Tuesday, June 19, 2012

Spending money I don't have

Today I bought a used Honda Fit. I bought it using money I don't have: a loan from my credit union.

Buying a car on credit was a difficult decision for me. I vacillated among buying the cheapest beater I could find on Craigslist, to getting it over with quickly and buying a car at Car Max, to closing my eyes and just ordering a new car. ...Just kidding, I was never considering getting a new car. That would fly in the face of everything that Mr. Money Mustache stands for. If I'd gone down that path I would not be surprised if MMM himself showed up at my door step to personally deliver a punch to my face.

The decision for what car I would purchase, really, was a three-way one. The options were 1) cheapest beater possible, 2) something in the $10-15k range from a dealer, or 3) something in the $10-15k range from a private party. As I did a lot more research I concluded that dealers overcharge, and that really all they provide is convenience. This convenience is minuscule when dealing with used cars because inventory is all over the place. The inventory on Craigslist was comparable to inventory at all the local dealers I could find and Craigslist provided one website whereas each dealer has its own website.

I got lucky and found a 2007 Honda Fit Sport, manual transmission of course, with 67k miles. My insistence on a manual transmission explains the lack of used car inventory at dealerships. The guy I bought it from was really nice, explained how diligently he had serviced it and why he didn't need it anymore (he bought a used Saab). I paid $10,500, which is maybe $100 or $200 more than book value for this car in Very Good condition. I was happy with the price because the service record has been sterling and all it needs is new tires in around 10k miles (I'm estimating ~$500 at Costco).

$10,500 is more than I have in cash right now. Remember that I've been holding back cash since almost the beginning of the year in anticipation of buying a car. There was the possibility my mom would lend me her 2008 Yaris, but in the end we decided she would be better off selling it and using the money for her pending retirement. I have around $6k in cash, which does not include $2k that just last week I sent in to pay down my student loan (I hadn't told you guys about that payment yet). Tonight, now that my car situation is settled, I'm going to send in another large payment, probably around $4k.

Here is a copy of the relevant details on this used car loan of mine:
My Truth-in-Lending Disclosure for my used car loan
The obvious problem with car loans, or any loans for that matter, is the interest you have to pay. In this case I think it's an acceptable tradeoff. If I don't pre-pay any of this loan (unlikely!) then my total finance charge will come to $550.52, or a little over 5% of the loan amount. I'm not worried about the new monthly payment either since I'm basically swimming in free cash flow right now. Other things equal I'd rather have the $550 over five years, but even more I'd rather have the $6k in my bank account to pay down my student loans.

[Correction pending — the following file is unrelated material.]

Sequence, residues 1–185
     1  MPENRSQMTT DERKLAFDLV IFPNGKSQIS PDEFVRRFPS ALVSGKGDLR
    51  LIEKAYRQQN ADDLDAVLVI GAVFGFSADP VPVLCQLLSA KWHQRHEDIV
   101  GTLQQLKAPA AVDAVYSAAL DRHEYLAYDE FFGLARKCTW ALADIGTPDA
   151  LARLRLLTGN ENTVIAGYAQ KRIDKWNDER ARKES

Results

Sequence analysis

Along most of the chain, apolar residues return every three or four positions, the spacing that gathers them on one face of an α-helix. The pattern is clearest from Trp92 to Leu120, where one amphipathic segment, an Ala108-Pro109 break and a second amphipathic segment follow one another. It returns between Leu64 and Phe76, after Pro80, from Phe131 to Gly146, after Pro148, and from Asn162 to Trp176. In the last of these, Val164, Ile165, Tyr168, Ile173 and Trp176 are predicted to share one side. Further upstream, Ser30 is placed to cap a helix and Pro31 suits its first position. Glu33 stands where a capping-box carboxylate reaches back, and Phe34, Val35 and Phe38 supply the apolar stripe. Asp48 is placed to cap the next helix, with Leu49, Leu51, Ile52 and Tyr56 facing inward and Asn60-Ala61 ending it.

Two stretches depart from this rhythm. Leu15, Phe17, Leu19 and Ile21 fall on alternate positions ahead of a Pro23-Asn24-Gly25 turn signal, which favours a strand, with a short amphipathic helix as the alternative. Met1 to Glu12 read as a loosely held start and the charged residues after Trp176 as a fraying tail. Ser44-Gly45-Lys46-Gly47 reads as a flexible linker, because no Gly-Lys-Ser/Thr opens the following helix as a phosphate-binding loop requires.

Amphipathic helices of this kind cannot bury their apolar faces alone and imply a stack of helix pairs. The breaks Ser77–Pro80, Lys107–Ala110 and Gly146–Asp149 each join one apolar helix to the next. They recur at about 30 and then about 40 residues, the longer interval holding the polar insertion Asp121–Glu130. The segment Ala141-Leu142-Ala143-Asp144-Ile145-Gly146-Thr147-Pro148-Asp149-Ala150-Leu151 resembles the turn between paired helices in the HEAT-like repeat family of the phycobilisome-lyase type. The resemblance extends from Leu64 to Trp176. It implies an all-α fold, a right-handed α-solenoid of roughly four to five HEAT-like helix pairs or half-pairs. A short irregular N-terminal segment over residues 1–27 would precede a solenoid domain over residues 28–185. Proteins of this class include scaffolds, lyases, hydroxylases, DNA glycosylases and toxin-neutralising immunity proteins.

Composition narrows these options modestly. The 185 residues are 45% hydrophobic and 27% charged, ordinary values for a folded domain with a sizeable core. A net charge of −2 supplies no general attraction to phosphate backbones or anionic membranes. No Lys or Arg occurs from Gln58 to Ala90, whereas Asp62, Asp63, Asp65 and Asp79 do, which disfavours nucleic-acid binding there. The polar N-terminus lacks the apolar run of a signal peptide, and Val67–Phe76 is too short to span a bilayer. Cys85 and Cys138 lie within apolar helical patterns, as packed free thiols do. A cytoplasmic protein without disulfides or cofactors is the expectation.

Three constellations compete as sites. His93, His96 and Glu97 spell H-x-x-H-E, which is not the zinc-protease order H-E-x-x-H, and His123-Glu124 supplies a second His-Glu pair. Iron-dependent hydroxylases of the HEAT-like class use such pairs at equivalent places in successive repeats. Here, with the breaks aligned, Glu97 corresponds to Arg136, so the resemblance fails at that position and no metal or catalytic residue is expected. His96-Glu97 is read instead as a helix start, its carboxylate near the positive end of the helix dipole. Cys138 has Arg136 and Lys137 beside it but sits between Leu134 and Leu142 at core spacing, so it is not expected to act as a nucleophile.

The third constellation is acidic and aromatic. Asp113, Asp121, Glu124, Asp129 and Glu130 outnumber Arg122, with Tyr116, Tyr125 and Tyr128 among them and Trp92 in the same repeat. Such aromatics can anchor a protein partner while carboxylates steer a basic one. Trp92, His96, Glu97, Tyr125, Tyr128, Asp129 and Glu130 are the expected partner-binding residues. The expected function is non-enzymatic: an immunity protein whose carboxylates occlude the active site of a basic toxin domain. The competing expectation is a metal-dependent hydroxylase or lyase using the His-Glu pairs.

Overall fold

The really insidious problem with car loans is that they subtly and inexorably encourage you to buy more and more expensive cars. If I didn't have access to credit I would literally not have been able to purchase this car. What's worse, I could have easily gotten approved for a much larger loan, maybe even $30k. Can you imagine if I weren't relatively frugal? And I do mean relatively frugal: my Fit is a damn nice vehicle and I paid a premium for it over, for example, an early 2000s Toyota or Honda.

I'm sure I could be just as happy with an older and less expensive vehicle. But I did the calculations and I decided on the set of tradeoffs I describe above. Access to credit shifted my decision toward a more expensive vehicle and now I'm poorer because of it. The thing is, I'd still make the same decision. Debt is sneaky like that.

I don't mean to be all doom and gloom. But I do want to give myself up as a cautionary tale. The less automotive inventory you keep the richer you will be.

I think it's funny how everyone I tell is congratulatory. I'm happy about my new (used) car, too. I don't think congratulations are necessarily out of order. But it would be more reasonable, I think, if we offered each other condolences upon taking on new debt.


  1. Sorry you had to take on another monthly payment and are in a position where you might have to pay $550 more than you need to.

    I think a lot of people would be in a better spot financially if that is how we reacted to purchases. There would be a lot less credit card balances, that is for sure.

    1. Seriously! It's more sobering, and frankly, more honest.

      And thanks :)